In a review of When the Nazis Came to Skokie: Freedom for Speech We Hate, Jerold S. Auerbach noted, "Strum is alert to the paradox of extending free speech to those who would then destroy it for others." Strum contemplates whether racists and anti-Semites should be afforded free speech under the protection of the First Amendment in her analysis of Skokie v. Collin, in which the National Socialist Party of America, a neo-Nazi group, sued for the right to hold an anti-Jewish demonstration in Skokie, a Chicago suburb heavily populated with Holocaust survivors. The Nazis eventually won the case, but ironically never held the demonstration. Wrote Temple Lentz in a review published on the Centerstage Chicago Web site, "Strum's book is as much social history as legal, as much political science as critical theory, and all of it is written gracefully, intelligently, and simply." Lentz went on to say, "The lives and voices of the people involved leap from the page as if to tell their own stories aloud, and let readers make the final decision." Library Journal's Philip Young noted that Strum "carefully and methodically traces the history and issues of the case all the way to the United States Supreme Court."

In Women in the Barracks: The VMI Case and Equal Rights, Strum examines the integration of women into military institutions. The book discusses the landmark case of United States v. Virginia, the 1996 U.S. Supreme Court Case that forced Virginia Military Institute (VMI) to end its 157-year tradition as an all-male institution and admit women. Strum explores the impact of the case on the men and women at VMI, dubbed the "West Point of the South." Writing in History: Review of New Books, Lance Janda considered the book "a rare gem" that combines "rigorous primary and secondary research with graceful prose." Strum analyzes both viewpoints in the book and includes interviews with opposing lawyers as well as VMI administrators and faculty. She discusses what led Justice Ginsburg to conclude that while VMI's rigorous and harsh training methods deter some women from applying, they also deter some men, and that women should have the right to attend the school if they are qualified to do so. Janda observed that "Strum does overreach a bit when assessing the importance of the VMI case," noting that America's federal service academies admitted women in 1976, two decades before VMI. However, Janda maintained that his criticism is "entirely minor" and described the book as "a balanced and very satisfying work overall" that appeals to a wide audience including scholars and anyone interested in the history of VMI.

BIOGRAPHICAL AND CRITICAL SOURCES:

BOOKS

Directory of American Scholars, Thomson Gale (Detroit, MI), 2001.

PERIODICALS

American Academy of Political and Social Science, March, 1985, review of Louis D. Brandeis: Justice for the People, p. 203; July, 1995, review of Brandeis: Beyond Progressivism, p. 177.

American Historical Review, April, 1985, review of Louis D. Brandeis, p. 510; December, 1994, review of Brandeis: Beyond Progressivism, p. 1766.

American Jewish History, March, 2000, Jerold S. Auerbach, review of When the Nazis Came to Skokie: Freedom for Speech We Hate, p. 147.

American Political Science Review, June, 1977, review of The Supreme Court and "Political Questions," p. 744; March, 1985, review of Louis D. Brandeis, p. 228.

American Spectator, April, 1995, review of Brandeis: Beyond Progressivism, p. 685.

Bookwatch, October, 1992, review of The Women Are Marching, p. 5.

Book World, January 2, 1994, review of Brandeis: Beyond Progressivism, p. 4.

Choice, September, 1984, review of Louis D. Brandeis, p. 193; January, 1993, review of The Women Are Marching, p. 865; January, 1994, review of Brandeis: Beyond Progressivism, p. 870; June, 1995, review of Brandeis on Democracy, p. 1672.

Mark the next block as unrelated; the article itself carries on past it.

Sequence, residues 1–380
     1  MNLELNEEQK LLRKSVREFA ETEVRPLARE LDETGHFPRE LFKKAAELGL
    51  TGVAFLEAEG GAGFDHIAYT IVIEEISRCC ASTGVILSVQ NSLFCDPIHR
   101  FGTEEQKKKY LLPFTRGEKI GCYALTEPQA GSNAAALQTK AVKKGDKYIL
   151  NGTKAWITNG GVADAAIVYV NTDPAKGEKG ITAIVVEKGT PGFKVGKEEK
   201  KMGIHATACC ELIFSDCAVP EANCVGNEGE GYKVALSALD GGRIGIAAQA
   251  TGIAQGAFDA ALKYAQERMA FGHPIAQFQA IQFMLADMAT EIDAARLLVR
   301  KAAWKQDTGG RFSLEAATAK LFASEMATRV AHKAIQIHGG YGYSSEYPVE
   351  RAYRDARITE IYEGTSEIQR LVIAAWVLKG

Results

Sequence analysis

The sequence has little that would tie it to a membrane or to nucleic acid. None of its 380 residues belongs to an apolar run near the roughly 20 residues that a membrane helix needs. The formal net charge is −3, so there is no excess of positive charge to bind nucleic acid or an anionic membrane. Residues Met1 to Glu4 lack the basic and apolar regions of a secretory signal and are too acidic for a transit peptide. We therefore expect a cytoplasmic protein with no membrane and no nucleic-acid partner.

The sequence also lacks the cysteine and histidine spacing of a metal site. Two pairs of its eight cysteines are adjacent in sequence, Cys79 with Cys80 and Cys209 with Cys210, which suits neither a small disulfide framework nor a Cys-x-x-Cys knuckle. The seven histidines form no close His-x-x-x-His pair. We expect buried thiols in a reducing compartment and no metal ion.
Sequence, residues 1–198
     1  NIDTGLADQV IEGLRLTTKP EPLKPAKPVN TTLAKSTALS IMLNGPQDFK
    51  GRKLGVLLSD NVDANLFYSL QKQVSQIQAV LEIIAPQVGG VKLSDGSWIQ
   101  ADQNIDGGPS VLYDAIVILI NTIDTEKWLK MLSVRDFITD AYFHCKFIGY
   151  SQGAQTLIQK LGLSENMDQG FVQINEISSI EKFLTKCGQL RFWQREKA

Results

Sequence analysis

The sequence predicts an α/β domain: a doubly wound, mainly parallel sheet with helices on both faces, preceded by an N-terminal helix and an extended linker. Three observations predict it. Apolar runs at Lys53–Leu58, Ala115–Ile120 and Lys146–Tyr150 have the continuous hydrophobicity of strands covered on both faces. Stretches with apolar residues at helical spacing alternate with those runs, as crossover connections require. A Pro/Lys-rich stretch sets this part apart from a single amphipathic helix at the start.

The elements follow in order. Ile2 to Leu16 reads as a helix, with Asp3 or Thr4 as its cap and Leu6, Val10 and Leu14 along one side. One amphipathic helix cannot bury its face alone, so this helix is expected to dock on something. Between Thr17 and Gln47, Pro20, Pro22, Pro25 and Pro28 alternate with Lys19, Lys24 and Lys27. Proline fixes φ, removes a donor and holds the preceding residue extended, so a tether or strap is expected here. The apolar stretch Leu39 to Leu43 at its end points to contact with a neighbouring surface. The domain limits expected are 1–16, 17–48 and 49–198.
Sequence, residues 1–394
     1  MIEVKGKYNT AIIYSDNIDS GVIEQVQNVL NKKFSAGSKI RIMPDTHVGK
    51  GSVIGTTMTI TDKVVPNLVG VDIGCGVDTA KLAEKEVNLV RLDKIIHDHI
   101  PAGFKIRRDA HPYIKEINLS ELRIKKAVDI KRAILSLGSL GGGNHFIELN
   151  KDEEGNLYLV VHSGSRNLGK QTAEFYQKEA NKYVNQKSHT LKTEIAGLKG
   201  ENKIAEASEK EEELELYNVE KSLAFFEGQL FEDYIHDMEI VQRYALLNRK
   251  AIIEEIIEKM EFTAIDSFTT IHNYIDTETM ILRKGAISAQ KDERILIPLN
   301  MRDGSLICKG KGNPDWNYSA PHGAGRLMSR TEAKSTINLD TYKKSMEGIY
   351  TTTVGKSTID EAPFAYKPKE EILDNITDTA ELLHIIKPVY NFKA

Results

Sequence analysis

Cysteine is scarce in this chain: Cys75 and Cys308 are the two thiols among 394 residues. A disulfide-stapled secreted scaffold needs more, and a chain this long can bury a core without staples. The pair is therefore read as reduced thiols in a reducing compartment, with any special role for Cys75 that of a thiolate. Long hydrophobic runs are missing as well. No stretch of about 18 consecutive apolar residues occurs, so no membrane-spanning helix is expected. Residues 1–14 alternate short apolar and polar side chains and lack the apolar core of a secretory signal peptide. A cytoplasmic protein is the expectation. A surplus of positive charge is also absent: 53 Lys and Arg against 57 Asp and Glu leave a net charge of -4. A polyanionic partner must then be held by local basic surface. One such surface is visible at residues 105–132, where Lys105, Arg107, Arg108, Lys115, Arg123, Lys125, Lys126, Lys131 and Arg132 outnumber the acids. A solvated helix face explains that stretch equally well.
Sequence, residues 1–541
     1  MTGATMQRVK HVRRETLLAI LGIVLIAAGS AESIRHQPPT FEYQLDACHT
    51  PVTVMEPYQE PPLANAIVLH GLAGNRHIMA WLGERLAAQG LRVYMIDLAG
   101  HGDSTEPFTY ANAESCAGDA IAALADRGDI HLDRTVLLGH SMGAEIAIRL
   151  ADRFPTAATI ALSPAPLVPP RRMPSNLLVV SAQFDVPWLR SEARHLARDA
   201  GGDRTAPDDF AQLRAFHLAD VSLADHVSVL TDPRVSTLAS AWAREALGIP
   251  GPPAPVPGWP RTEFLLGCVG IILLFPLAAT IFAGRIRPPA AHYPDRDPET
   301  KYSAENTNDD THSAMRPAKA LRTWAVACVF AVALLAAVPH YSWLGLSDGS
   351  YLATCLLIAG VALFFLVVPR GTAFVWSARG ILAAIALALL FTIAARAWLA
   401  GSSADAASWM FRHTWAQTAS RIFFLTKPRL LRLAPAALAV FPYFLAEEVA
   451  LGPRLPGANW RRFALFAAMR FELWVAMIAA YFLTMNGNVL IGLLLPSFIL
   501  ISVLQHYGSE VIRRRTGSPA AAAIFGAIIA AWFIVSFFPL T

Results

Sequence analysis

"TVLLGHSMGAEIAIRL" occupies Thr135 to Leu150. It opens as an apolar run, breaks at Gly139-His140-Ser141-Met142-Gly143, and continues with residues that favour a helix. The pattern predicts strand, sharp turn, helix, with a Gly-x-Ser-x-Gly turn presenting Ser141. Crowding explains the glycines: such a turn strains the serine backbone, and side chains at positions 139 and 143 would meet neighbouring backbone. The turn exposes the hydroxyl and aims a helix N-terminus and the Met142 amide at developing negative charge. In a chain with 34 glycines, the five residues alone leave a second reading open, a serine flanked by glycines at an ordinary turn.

Harvard Law Review, December, 1996, review of Brandeis on Democracy, p. 561.

Historian, summer, 1994, Kermit L. Hall, review of Brandeis: Beyond Progressivism, pp. 761-762.

History: Reviews of New Books, winter, 1995, review of Brandeis: Beyond Progressivism, p. 57; summer, 2002, Lance Janda, review of Women in the Barracks: The VMI Case and Equal Rights, pp. 140-142.

Journal of American History, September, 1985, review of Louis D. Brandeis, p. 438; December, 1994, review of Brandeis: Beyond Progressivism, p. 1350.

Journal of American Studies, December, 1985, review of Louis D. Brandeis, p. 464.

Journal of Politics, May, 1985, review of Louis D. Brandeis, p. 754.

Kirkus Reviews, March 15, 1984, review of Louis D. Brandeis, p. 302.

Law and Politics Book Review, October, 1994, review of Brandeis: Beyond Progressivism, pp. 136-139; July, 1998, review of Privacy: The Debate in the United States since 1945, pp. 289-291.

Library Journal, May 1, 1984, review of Louis D. Brandeis, p. 894; June 15, 1992, review of The Women Are Marching, p. 91; March 1, 1999, Philip Young, review of When the Nazis Came to Skokie, p. 98.

Middle East, December, 1992, review of The Women Are Marching, p. 42.

Ms., July, 1992, review of The Women Are Marching, p. 66.

Multicultural Review, December, 1993, review of The Women Are Marching, p. 17.

National Civic Review, November, 1980, review of Presidential Power and American Democracy, p. 592; December, 1984, review of Louis D. Brandeis, p. 590.

Perspectives on Political Science, summer, 1994, review of Brandeis: Beyond Progressivism, p. 144.

Political Science Quarterly, spring, 1985, review of Louis D. Brandeis, p. 155.

Presidential Studies Quarterly, summer, 1994, review of Brandeis: Beyond Progressivism, p. 655.

Publishers Weekly, April 6, 1984, review of Louis D. Brandeis, p. 64; June 8, 1992, review of The Women Are Marching, p. 59; July 26, 1993, review of Brandeis: Beyond Progressivism, pp. 50-52.

Religious Studies Review, April, 1985, review of Louis D. Brandeis, p. 203.

Review of Politics, summer, 1994, review of Brandeis: Beyond Progressivism, p. 602.

Reviews in American History, March, 1985, review of Louis D. Brandeis, p. 94.

San Francisco Review of Books, review of The Women Are Marching, p. 26.

Small Press, review of The Women Are Marching, p. 59.

Times Literary Supplement, April 5, 1985, review of Louis D. Brandeis, p. 373.

Virginia Quarterly Review, autumn, 1984, review of Louis D. Brandeis, p. 734.

Yale Law Journal, November, 1985, review of Louis D. Brandeis, p. 195.

ONLINE

American Jewish Archives Journal Web site, http://www.huc.edu/aja/97-r4.htm/ (November 25, 2002), Arthur Gross-Schaefer, review of Brandeis: Beyond Progressivism.

Centerstage Online,http://search.centerstage.net/literature/articles/strum.html/ (November 25, 2002), Temple Lentz, review of When the Nazis Came to Skokie.

New York Times Online,http://www.nytimes.com/ (July 7, 2002), Paula Friedman review of Women in the Barracks.*